Many of the hikers were badly bruised, but none suffered as much as the trail. The foot traffic of approximately 70 hikers caused damage that will take days of labor to repair.

"The trail was soup, and I think having so many people on it made it much worse," said Gabrielle Miller-Messner '01, who signed up for the Trailwalk after only three weeks at Dartmouth. "I think the DOC should definitely not accept more official hikers."

Trail damage is a major concern for the outing club, which tends 75 miles of the Appalachian Trail in New Hampshire and Vermont. It was one reason the club discouraged the "unofficials" from hiking. And some outing club administrators see the event's popularity as a threat to Dartmouth's stewardship.

"Having that many people does have an impact on the trail," said David Hooke '84, the facilities manager for Outdoor Programs. "If some other group decided they'd run 70 people on the Appalachian Trail in a weekend, we'd feel kind of upset."

Hooke, who hiked the entire distance when he was a freshman at the College in 1980, said students in the outing club should plan alternative "hard-core" activities, so the 53-mile hike will be less popular.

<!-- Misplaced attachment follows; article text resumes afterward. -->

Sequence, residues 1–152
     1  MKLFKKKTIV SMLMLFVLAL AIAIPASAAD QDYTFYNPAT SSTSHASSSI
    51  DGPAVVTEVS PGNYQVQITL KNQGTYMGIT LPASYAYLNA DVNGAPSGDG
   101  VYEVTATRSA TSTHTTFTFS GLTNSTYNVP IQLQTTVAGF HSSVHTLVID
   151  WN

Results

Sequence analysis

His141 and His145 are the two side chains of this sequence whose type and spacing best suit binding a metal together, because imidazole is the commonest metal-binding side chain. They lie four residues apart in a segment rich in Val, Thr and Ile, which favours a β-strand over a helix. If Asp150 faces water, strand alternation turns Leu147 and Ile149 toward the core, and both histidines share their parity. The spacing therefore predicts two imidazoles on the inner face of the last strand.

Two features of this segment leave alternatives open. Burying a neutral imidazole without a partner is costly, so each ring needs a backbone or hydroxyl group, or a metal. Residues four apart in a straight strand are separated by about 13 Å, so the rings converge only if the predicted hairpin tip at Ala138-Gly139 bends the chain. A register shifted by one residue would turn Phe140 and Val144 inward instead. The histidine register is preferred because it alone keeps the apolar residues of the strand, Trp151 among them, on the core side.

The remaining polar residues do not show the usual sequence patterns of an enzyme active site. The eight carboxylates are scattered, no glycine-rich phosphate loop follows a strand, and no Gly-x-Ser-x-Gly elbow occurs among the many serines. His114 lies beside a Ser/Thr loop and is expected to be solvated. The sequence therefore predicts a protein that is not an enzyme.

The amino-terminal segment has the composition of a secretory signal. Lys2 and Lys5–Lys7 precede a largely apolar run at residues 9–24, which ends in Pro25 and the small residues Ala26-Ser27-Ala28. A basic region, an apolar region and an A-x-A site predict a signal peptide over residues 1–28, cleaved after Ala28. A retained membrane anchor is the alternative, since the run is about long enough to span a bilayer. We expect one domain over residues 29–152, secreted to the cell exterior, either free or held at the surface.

"It is great to see the interest," he said. "But I urge the students to think about what they might do in a future year to spread people out."

The 70 students also left a huge amount of litter in their wake, particularly at the aid stations, according to Ted Yuo '98, who organized support for the official hikers.

But at the Atwell Hill aid station Saturday morning, litter and trail damage were far from hikers' minds. After walking 37 miles, they seemed more concerned with eating pancakes or, for the "unofficials," more cold bagels. Other unofficials had organized their own support team, recruiting friends to bring them food and supplies at the aid stations.